Wednesday, August 22, 2007

The 2007 Surprise Movie

I'm jumping way out of sequence here, but hell, we may as well skip to the annual Film Festival Surprise Movie. The routine here is that they simply announce a movie, which will be the premiere of something-or-other, and you go along at random to see it. Filling this slot is tricky. Obviously you don't want to waste anything that would be a really major draw in its own right, but equally you can't bring in a big audience and then show them three hours of Venezuelan melodrama.

The usual solution is to find something relatively commercial but not necessarily an obvious Film Festival choice. And so the 2007 selection is...

The Kingdom. Which doesn't come out in America for over a month, and won't come out in the UK till October. It's actually been finished for months, but the release was delayed from April after what were apparently positive test screenings, in the hope of giving it a bigger push.

Spoilers lurk below, obviously. Although frankly, it's so Hollywood that you'll be able to see all the plot points lurching mechanically towards you from a very early stage.

It's a thriller loosely based on the Riyadh compound bombing of 2003. Evil terrorists attack an American compound in Saudi Arabia (a workers' facility, not a government one). Lots of people die. After a bit of political manoeuvring, FBI agent Jamie Foxx persuades the Saudis to let his team in to see the crime scene. Much bumping of heads with the Saudis follows, but - can you see where this is heading? - ultimately Jamie Foxx builds a relationship of mutual respect with his Saudi opposite number and together They Fight Crime.

If you're wondering, no, they didn't shoot the film in Saudi Arabia. They used a mixture of Abu Dhabi and Arizona, which is close enough for their purposes.

I can understand why this went down well with American preview audiences. It's well paced as an action film. Foxx is a good leading man. It's got its heart in the right place - it's quite keen to stress that these terrorist guys are indeed criminals in the eyes of the Saudi authorities. It has some cool explosions and some extended shooting. It's full of heartwarming hands-across-the-continents stuff, which kind of works for the most part. A lot of films like this think they're saying something profound about the human condition; I suspect The Kingdom knows full well that it's just an odd-couple action movie at heart, and figures that that's probably enough of a statement in itself for the current climate. And to be fair, corny though it may be, the closing scene does try to draw some parallels that American audiences may be a little more resistant to.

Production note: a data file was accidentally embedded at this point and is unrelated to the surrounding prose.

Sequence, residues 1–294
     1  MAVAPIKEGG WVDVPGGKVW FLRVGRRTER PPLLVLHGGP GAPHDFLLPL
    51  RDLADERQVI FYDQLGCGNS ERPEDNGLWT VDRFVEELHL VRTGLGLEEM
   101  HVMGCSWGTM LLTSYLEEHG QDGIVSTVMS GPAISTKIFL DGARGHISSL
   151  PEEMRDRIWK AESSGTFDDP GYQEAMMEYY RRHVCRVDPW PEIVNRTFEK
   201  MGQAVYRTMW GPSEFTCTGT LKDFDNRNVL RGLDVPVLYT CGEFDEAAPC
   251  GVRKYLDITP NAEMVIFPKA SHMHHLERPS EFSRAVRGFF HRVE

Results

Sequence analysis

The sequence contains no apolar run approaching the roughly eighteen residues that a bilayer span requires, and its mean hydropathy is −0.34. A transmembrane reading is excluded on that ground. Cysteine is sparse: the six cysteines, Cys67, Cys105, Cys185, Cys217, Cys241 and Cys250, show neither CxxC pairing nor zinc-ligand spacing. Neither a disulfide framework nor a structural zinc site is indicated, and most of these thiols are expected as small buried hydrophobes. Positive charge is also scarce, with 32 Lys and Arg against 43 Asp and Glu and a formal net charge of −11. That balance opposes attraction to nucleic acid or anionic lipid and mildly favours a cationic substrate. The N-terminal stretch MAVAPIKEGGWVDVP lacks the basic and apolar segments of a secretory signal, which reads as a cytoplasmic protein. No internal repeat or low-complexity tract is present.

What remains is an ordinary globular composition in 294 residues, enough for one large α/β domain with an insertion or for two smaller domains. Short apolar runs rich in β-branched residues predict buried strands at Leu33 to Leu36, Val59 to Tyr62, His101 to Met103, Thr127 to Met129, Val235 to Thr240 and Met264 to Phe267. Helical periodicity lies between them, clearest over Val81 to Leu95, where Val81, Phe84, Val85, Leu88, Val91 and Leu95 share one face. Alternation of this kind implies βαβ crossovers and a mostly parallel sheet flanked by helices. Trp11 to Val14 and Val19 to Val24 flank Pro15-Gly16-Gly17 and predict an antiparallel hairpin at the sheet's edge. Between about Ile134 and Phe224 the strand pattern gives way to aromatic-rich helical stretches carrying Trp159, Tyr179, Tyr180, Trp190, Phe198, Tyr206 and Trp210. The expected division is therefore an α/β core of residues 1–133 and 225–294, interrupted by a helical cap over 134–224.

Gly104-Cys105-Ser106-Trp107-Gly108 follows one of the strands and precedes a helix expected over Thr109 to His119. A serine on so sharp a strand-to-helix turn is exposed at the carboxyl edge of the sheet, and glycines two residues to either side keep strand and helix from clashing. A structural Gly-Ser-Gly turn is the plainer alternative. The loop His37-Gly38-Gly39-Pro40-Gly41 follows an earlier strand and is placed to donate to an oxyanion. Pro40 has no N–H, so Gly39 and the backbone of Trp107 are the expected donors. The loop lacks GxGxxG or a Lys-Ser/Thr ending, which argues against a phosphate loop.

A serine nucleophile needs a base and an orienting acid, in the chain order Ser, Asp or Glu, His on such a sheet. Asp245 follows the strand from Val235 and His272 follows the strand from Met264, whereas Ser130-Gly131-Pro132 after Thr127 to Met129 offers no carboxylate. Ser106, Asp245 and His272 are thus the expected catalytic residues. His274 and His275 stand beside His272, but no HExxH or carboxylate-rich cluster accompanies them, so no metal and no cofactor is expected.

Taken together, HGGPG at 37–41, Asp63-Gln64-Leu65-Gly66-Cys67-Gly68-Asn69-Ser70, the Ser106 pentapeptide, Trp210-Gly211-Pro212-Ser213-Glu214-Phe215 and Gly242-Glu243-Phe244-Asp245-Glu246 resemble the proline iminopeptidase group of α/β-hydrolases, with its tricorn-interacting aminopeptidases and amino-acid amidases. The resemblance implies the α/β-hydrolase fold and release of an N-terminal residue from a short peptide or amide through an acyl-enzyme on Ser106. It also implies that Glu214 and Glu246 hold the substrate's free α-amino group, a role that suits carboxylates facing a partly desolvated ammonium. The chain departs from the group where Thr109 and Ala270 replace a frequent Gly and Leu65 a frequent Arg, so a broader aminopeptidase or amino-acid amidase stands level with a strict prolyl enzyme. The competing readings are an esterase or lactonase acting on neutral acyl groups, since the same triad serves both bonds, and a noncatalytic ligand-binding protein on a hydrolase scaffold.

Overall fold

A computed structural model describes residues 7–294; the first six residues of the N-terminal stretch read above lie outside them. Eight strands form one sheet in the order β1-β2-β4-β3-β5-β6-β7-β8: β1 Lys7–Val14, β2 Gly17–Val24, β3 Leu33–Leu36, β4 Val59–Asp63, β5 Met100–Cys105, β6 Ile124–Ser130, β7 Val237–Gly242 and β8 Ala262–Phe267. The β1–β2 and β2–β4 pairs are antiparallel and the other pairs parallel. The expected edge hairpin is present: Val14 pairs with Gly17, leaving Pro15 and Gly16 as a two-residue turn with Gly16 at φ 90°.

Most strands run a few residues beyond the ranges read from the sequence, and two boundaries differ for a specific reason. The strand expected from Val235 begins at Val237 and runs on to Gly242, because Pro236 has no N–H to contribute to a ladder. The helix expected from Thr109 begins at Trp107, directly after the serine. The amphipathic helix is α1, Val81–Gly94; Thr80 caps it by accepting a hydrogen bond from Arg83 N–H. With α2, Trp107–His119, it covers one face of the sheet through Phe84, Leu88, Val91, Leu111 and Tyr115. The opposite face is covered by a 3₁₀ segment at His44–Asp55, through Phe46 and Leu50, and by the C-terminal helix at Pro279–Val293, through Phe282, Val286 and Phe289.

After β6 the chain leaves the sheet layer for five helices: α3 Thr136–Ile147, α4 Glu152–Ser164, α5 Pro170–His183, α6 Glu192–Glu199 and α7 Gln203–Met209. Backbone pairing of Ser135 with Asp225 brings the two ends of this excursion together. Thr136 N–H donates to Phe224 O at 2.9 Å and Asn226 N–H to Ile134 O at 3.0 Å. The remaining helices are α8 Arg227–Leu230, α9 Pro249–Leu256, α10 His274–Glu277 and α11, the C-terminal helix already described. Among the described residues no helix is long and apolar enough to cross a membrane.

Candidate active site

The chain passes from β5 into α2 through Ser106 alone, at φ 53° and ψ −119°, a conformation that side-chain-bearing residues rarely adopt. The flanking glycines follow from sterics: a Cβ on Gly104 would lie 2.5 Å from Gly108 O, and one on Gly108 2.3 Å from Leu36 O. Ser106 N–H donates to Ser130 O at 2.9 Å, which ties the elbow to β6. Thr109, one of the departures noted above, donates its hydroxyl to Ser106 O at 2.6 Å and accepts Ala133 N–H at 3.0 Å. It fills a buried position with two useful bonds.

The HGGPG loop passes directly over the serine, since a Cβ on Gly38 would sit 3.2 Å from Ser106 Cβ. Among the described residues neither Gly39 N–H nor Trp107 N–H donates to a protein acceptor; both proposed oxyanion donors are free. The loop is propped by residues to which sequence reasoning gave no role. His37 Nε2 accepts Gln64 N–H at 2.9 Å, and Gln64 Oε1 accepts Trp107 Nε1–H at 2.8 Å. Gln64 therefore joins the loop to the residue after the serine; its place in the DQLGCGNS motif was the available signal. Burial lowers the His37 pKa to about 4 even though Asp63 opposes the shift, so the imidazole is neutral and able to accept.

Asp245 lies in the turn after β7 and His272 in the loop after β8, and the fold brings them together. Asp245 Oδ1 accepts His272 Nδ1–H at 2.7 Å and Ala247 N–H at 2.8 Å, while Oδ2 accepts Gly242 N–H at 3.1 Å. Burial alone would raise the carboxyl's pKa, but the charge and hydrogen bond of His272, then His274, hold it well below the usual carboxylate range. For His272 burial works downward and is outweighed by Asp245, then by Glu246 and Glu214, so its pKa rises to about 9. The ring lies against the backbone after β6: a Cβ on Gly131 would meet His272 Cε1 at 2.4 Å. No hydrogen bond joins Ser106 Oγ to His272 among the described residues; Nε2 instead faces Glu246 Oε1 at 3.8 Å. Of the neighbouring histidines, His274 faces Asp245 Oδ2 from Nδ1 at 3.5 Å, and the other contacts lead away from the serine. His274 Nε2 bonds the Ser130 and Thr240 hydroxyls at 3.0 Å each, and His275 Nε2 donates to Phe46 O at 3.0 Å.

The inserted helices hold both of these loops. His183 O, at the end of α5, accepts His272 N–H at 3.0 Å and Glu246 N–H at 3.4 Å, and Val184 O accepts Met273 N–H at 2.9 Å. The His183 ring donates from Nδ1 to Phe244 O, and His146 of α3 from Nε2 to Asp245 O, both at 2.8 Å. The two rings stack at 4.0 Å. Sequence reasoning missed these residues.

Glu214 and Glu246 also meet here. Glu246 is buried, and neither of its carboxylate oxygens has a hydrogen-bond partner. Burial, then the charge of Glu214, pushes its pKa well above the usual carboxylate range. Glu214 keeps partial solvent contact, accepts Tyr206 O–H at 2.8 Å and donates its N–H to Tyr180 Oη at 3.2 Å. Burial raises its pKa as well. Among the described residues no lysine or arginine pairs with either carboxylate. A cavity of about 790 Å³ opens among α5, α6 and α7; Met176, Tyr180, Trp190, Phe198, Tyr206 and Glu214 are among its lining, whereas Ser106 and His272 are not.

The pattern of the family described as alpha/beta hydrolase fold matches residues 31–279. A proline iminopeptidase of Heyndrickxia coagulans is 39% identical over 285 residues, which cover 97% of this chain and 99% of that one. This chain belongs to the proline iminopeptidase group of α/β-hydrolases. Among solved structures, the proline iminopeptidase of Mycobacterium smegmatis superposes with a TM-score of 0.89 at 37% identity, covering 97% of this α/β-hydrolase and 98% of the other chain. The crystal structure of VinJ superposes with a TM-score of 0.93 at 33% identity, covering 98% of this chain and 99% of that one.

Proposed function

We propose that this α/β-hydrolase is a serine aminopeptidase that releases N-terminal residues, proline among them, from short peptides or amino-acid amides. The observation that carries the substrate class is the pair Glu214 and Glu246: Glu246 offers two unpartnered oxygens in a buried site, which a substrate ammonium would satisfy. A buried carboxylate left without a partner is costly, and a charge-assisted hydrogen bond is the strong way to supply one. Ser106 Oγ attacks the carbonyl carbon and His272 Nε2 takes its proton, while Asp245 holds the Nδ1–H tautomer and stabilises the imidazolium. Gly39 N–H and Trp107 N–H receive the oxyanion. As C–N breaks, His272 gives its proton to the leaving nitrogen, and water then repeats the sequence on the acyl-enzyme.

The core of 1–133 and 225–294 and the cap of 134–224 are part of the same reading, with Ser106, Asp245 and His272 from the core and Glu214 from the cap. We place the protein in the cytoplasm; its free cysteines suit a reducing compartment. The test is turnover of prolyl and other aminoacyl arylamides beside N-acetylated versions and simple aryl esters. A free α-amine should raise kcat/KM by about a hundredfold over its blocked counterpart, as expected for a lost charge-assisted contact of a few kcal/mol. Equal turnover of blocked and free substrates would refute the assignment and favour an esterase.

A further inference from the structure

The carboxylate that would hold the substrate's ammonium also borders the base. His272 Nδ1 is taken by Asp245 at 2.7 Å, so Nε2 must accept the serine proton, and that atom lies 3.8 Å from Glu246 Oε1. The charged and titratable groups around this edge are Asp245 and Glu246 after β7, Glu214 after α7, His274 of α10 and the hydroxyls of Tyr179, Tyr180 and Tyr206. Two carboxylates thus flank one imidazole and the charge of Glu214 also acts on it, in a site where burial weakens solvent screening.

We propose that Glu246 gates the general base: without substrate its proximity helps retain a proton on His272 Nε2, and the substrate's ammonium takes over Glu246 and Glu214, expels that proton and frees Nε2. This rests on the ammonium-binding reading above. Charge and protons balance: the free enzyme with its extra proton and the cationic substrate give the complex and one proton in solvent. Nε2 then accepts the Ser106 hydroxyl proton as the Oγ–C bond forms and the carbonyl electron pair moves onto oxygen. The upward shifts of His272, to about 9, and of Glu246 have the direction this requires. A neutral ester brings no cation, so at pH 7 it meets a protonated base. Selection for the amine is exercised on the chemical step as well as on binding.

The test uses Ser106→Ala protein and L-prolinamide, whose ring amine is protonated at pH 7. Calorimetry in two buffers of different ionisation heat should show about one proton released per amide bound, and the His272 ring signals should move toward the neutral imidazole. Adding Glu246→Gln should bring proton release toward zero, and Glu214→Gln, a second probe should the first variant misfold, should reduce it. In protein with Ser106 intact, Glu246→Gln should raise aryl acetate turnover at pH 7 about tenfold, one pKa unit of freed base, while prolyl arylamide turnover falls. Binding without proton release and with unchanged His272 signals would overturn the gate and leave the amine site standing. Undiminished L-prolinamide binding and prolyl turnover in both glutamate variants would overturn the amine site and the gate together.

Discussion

For all these reasons, and very much against my better judgment, I kind of liked it. On balance.

Here's the thing. They know what story they want to tell - Americans and Saudis overcome cultural differences to fight terrorists. Fine. But then they start trying to hammer it into a stock Hollywood framework, and they hit trouble. The Saudis aren't evil, but they are almost invariably portrayed as blithering idiots who need the plucky Americans to come in and sort out their investigation. There's a glimmer of a plot justification for this - the local cops might have been infiltrated, the army has been put in charge and don't know what they're doing - but it's not exactly prominent.

The Saudis don't know how to examine a crime scene. They don't know how to identify wreckage. And they need Jennifer Garner to conduct their autopsies for them - even though she can't touch Muslim corpses, and therefore has to talk a local cop through it on her behalf. You could get away with this plot in Rwanda, but this is Saudi Arabia, one of the richest and most technologically advanced nations in the world. I'm sure they can afford a pathologist and a couple of forensic scientists - and the assumption that they need the Americans to do this stuff for them is, well, let's be charitable and say "deeply patronising."

The first act is also likely to be more of a problem for non-American audiences, since it works on the absolute assumption that, well, clearly the FBI should be investigating a murder in Saudi Arabia, and what's this nonsense about them not doing so? Unless you're a flag-waving US patriot, it's probably going to take you a little time to decide that you actually like the protagonists.

Still, it's a decent enough action movie. And there's a much better film in here trying to get out. It just wouldn't take any money at the US box office.